The questions cover such things as number of sex partners, type of sexual activity, and use of condoms. Doctors should also take into account any history of bacterial sexually transmitted diseases, alcohol abuse, or the use of noninjection drugs of abuse, such as amyl nitrate.

The local epidemiological picture is also important, since acts that are risky when local HIV prevalence is high might be less dangerous if prevalence is low. Taking a single HIV drug while infected leads universally to drug resistance, the guidelines note.

So a key first step before PrEP is prescribed is to exclude pre-existing HIV infection, the guidelines note. Doctors should take a symptom history and order HIV blood tests. For the same reason, patients should have an HIV test every 3 months while on PrEP, the guidelines say.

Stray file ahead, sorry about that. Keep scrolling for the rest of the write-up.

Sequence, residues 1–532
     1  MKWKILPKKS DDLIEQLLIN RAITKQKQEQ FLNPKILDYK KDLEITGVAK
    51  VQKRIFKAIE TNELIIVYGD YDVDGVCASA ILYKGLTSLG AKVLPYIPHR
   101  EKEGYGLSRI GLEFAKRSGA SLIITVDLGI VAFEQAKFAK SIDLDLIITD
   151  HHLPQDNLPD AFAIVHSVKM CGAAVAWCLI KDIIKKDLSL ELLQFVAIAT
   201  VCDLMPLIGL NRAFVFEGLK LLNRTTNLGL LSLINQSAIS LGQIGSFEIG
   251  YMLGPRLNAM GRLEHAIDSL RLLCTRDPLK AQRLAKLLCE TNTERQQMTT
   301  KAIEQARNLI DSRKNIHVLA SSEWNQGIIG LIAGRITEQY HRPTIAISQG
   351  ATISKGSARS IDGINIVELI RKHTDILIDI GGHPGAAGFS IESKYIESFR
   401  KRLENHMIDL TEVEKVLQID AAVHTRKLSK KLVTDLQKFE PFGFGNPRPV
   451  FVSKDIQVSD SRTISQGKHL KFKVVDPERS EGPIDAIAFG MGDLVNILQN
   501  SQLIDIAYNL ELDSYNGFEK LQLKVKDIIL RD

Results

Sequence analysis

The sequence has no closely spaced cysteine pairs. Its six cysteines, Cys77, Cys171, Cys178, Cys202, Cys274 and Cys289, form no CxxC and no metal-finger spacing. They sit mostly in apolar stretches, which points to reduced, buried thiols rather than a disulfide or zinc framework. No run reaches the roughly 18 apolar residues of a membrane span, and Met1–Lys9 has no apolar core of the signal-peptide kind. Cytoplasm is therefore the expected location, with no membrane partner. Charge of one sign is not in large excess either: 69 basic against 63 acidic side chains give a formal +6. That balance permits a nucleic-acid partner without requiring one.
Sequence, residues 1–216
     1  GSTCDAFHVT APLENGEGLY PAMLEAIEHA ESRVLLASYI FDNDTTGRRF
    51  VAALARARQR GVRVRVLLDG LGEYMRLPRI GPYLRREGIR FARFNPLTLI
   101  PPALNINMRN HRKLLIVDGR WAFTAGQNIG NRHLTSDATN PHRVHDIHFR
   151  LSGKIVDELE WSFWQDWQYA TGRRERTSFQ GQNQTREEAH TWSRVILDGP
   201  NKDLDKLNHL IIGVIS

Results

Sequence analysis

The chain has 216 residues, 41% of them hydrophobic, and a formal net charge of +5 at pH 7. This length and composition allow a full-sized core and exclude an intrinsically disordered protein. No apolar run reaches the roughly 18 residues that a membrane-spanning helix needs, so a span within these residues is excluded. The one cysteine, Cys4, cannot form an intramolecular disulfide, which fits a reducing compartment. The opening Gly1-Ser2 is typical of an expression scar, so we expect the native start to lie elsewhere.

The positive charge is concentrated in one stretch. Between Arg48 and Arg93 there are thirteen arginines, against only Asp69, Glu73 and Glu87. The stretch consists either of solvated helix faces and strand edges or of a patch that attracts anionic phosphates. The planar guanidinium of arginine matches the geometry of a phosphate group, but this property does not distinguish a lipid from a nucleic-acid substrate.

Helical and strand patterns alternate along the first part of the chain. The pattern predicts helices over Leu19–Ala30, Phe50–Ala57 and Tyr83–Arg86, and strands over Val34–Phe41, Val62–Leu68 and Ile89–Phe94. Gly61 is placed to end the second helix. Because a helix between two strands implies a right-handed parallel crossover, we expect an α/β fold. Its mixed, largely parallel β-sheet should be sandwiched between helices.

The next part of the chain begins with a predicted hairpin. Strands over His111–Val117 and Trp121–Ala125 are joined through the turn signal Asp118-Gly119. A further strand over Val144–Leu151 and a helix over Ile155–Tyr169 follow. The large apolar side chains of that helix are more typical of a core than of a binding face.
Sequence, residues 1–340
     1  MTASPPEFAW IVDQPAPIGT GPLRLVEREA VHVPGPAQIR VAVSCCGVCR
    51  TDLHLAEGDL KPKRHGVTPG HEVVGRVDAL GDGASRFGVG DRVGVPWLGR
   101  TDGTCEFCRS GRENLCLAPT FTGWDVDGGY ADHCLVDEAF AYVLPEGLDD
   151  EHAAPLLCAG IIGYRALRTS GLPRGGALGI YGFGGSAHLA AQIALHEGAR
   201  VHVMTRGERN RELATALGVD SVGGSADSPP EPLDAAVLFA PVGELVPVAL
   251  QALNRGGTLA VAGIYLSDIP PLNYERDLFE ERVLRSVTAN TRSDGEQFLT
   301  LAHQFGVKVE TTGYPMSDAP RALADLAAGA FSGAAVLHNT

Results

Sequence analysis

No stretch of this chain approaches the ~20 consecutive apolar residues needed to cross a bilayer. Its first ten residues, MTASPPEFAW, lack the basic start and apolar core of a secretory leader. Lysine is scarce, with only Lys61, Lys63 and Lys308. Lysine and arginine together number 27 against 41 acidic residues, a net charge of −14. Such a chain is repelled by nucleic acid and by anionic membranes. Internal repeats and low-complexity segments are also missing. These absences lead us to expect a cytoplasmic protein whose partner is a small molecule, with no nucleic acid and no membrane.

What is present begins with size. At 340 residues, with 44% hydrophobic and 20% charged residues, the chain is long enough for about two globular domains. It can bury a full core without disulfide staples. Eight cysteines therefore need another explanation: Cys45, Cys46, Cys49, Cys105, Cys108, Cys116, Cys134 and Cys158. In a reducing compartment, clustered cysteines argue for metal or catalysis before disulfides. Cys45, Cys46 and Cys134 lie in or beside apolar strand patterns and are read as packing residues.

The tenofovir/emtricitabine combination is the only FDA-approved PrEP medication, and the guidelines urge that -- with one exception -- others should not be used.

The exception is that -- in trials among injection drug users and heterosexually active adults -- tenofovir showed efficacy by itself and therefore "can be considered" as an alternative.

But it has not been studied in men who have sex with men and shouldn't be used in that group. The guidelines also warn that PrEP needs to be used continuously, rather than being timed for periods of sexual activity.

Tenofovir can have renal adverse effects, so kidney function should be assessed when starting PrEP and every 6 months afterward.

Specifically, a serum creatinine test should be done, and creatinine clearance estimated with the Cockcroft-Gault formula; a clearance rate of less than 60 milliliter per minute should rule out PrEP.